Holiday Thoughts and Wishes
George Q. Cannon
The ceaseless round of the seasons has brought us once more to the end of a year, and to the holiday time that marks the going out of the old and the coming in of the new. We trust sincerely the season may bring much happiness to all our readers; gladness to the downcast, relief to the oppressed, health to the afflicted, and the holy spirit of light and truth and righteousness to everyone. We hope also, as a fitting beginning to the new year, that each one as he looks back over his record for the year now closing, may be able to find that he has done better as a citizen and as a Saint than he did during the year previous; that he has been more dutiful, more humble, more willing in the performance of good, and more sturdy in the resistance to evil, than ever before.
The contemplation of our past is what enables us to class the years as good years or bad years. As a matter of fact the years themselves are much the same; but to each of us they are fraught with peace and joy, or sorrow and regret, according as we have done well or done ill during their progress. In this view each succeeding year ought to be better than those that have preceded it; for we should be continually going on to and striving after perfection. If every one would make this his aim, how rapidly the world would improve, and what giant strides it would make toward its preparation for the advent of the reign of complete righteousness!
From the Improvement Era, December 1948 —
After long years of war, after watching the effects of military service – even service in what was and is almost universally seen as a just war in a righteous cause – the First Presidency responded to national discussions about the possibility of compulsory universal military training in a letter to Utah’s congressional delegation (two senators and two representatives) with this letter, dated 14 December 1945:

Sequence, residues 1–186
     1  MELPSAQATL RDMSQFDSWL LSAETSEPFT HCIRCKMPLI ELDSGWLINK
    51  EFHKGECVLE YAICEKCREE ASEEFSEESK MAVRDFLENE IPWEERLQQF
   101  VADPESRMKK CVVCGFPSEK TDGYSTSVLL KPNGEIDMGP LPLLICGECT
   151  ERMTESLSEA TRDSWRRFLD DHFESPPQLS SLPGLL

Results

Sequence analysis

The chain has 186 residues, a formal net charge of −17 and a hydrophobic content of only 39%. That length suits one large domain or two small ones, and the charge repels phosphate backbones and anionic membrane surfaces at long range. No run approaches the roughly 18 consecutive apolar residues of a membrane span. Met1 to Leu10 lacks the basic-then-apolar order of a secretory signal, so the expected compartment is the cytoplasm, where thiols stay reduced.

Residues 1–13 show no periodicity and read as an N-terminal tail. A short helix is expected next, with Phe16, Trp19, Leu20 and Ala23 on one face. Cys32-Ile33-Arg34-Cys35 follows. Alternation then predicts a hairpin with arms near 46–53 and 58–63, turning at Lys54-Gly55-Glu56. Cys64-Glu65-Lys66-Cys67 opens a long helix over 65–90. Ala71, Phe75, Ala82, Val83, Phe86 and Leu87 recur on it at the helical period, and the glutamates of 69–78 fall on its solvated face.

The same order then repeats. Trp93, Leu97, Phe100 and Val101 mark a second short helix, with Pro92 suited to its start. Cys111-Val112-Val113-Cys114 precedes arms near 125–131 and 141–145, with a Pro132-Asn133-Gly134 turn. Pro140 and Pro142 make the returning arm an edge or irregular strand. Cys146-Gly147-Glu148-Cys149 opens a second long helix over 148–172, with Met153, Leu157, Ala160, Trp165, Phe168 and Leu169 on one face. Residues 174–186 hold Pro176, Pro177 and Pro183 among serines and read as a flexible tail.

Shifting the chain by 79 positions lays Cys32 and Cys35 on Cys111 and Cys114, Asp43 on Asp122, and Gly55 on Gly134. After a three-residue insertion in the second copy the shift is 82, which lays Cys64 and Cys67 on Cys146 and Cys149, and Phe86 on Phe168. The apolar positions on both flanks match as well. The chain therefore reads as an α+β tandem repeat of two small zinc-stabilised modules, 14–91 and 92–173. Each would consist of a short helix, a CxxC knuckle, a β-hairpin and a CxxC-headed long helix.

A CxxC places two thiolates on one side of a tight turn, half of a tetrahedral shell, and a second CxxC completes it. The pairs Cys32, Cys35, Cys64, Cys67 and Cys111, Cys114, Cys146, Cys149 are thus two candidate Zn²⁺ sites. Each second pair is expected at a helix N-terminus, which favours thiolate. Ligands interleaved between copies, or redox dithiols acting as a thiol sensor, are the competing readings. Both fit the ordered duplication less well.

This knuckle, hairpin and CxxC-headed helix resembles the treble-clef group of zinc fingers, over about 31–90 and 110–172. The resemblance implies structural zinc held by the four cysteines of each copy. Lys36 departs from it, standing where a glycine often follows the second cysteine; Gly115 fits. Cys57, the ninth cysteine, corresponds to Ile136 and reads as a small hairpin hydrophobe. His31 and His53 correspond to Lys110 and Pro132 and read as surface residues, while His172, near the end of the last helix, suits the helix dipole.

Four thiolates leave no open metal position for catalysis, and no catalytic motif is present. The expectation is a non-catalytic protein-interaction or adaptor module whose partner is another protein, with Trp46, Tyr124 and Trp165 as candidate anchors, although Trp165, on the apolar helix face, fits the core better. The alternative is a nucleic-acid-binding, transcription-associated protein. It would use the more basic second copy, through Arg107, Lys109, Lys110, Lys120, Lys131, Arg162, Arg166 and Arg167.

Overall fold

Press reports have for some months indicated that a determined effort is in making to establish in this country a compulsory universal military training designed to draw into military training and service the entire youth of the nation. We had hoped that mature reflection might lead the proponents of such a policy to abandon it. We have felt and still feel that such a policy would carry with it the gravest dangers to our Republic.
It now appears that the proponents of the policy have persuaded the Administration to adopt it, in what on its face is a modified form. We deeply regret this, because we dislike to find ourselves under the necessity of opposing any policy so sponsored. however, we are so persuaded of the rightfulness of our position, and we regard the policy so threatening to the true purposes for which this Government was set up, as set forth in the great Preamble to the Constitution, that we are constrained respectfully to invite your attention to the following considerations:
1. By taking our sons at the most impressionable age of their adolescence and putting them into army camps under rigorous military discipline, we shall seriously endanger their initiative thereby impairing one of the essential elements of American citizenship. While on its face the suggested plan might not seem to visualize the army camp training, yet there seems little doubt that our military leaders contemplate such a period, with similar recurring periods after the boys are placed in the reserves.
From the Improvement Era, December 1944 –
The Sweetest Sound
A True Story of Pioneer Life as told by Rachael M. Jensen to LaRene King Bleecker
The evening before Christmas 1855, Martha Middleton stood before the fireplace in her one-room cabin, stirring meal into an iron kettle. The day had seemed endlessly long with Charles away with the herd in West Weber.
She shivered as she thought of the dangers surrounding her husband – the intense cold of a wintry blizzard raging outside which would send the hungry wolves in droves to attack the starving cattle. Men had to stay with the diminishing herd day and night. There was nothing to feed the cattle except the bark of young trees and occasionally the meat, cooked over campfires obtained from the carcasses of dead stock. Their own herd of thirteen cows had been reduced to five.